Charles Lane has good editorial entitled "This solution to gerrymandering is worse than the problem," explaining the dangers of why courts, even the Supreme Court, should not be involved in political redistricting. He likens it to the Supreme Court considering censoring “blue” or pornographic movies in the 1970s. Yes, it is distasteful but the alternative of the court deciding whether every film is “too blue” is not the best or appropriate role for a court.
Lane cites former moderate Justice Sandra Day O’Connor as having the right approach to redistricting:
As Justice Sandra Day O'Connor, the last member of the court with experience as a state legislator, put it in a 1986 opinion, the Constitution's guarantee of equal protection of the laws "does not supply judicially manageable standards for resolving purely political gerrymandering claims, and no group right to an equal share of political power was ever intended" by the document's authors.
Lane points out that Justices seem a bit confused on these political redistricting cases now before them:
"It seems like a pretty clear violation of the Constitution in some form to have deliberate, extreme gerrymandering," Justice Stephen Breyer observed. "But is there a practical remedy that won't get judges involved in every - or dozens and dozens and dozens of very important political decisions?"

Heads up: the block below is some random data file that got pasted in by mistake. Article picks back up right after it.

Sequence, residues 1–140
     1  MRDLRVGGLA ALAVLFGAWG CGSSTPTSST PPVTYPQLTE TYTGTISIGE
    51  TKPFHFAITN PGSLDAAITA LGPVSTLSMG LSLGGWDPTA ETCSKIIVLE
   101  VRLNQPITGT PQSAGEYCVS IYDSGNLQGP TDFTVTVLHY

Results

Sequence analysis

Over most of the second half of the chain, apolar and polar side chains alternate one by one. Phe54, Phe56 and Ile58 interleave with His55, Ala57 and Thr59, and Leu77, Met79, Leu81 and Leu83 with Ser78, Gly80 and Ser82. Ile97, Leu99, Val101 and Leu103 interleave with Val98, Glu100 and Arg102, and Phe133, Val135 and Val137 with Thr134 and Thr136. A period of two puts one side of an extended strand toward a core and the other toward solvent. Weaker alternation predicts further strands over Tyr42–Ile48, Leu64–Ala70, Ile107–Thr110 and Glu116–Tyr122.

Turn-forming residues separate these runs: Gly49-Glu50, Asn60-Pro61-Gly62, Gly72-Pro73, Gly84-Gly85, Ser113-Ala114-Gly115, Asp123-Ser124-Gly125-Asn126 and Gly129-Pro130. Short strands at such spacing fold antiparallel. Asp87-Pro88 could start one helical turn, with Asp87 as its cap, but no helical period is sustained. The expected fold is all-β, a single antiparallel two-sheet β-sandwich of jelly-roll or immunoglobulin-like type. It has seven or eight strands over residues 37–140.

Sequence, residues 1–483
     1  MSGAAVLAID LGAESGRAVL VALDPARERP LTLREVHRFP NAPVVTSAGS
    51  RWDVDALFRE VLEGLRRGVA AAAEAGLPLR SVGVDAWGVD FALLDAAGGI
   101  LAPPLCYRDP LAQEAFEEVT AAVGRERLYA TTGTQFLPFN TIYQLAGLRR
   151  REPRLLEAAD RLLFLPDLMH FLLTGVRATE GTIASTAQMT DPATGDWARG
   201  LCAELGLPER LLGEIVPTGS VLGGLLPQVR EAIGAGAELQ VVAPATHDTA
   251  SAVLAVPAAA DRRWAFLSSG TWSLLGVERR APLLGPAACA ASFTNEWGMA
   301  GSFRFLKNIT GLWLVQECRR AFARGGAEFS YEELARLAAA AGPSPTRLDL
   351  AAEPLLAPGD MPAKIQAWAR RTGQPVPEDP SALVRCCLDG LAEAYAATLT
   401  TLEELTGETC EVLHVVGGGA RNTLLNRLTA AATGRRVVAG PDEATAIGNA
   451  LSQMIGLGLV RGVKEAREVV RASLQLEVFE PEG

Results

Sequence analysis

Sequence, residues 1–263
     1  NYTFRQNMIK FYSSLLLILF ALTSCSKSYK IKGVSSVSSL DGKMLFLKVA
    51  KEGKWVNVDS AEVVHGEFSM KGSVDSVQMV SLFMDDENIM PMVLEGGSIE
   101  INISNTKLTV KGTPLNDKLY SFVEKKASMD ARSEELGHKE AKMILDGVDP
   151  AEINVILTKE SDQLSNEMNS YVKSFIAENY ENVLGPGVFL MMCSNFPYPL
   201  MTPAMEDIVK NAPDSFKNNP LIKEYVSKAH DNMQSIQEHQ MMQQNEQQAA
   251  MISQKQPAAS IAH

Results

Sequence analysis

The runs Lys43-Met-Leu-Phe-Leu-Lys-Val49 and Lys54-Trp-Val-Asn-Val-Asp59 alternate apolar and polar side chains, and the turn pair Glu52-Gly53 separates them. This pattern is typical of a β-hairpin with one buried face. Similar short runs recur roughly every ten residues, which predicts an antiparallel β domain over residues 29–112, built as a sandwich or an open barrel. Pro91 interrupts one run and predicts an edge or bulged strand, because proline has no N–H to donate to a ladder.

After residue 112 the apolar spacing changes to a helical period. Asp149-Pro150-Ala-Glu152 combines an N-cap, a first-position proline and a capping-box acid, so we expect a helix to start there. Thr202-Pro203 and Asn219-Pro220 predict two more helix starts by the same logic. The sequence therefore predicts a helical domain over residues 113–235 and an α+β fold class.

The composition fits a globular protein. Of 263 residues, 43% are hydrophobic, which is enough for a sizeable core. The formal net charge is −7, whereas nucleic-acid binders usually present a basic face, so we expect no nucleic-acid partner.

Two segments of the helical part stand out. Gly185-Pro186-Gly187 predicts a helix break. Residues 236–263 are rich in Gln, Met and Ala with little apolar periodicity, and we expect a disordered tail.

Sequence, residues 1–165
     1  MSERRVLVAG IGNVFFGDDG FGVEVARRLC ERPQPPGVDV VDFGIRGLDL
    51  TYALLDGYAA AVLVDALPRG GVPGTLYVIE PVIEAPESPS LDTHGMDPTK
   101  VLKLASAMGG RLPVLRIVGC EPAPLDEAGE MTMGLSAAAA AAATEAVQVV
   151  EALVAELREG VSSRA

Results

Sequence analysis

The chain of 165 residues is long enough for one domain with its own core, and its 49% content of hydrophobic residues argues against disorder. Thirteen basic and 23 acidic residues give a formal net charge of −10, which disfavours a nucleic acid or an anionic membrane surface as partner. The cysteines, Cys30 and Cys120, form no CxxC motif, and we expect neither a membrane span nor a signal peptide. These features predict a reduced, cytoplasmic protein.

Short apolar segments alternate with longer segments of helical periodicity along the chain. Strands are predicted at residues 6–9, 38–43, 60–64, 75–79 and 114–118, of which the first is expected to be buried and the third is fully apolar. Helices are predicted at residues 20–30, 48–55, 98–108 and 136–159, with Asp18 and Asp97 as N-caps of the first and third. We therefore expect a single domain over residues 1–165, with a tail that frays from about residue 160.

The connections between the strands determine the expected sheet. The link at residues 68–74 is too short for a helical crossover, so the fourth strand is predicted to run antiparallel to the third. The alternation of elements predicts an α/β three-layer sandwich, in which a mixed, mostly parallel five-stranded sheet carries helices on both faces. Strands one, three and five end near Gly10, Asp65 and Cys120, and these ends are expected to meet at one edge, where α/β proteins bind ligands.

Lane also explains the problem is overstated. The respected left-of-center Cook Report concludes the redistricting problem is overstated:
Why risk fatally politicizing the courts to fight a problem that's not entirely to blame for our political dysfunction anyway? The Cook Political Report's David Wasserman and Ally Flinn found that redistricting explains only 17 percent of the decline in competitive congressional districts over the past 20 years. Partisan gerrymandering "may be just as much a symptom of America's political problems as a cause," writes Harry Enten, an expert on gerrymandering.
Lane’s conclusion is spot on:
Sandra Day O'Connor was right: The Supreme Court should leave partisan politics to the partisan politicians.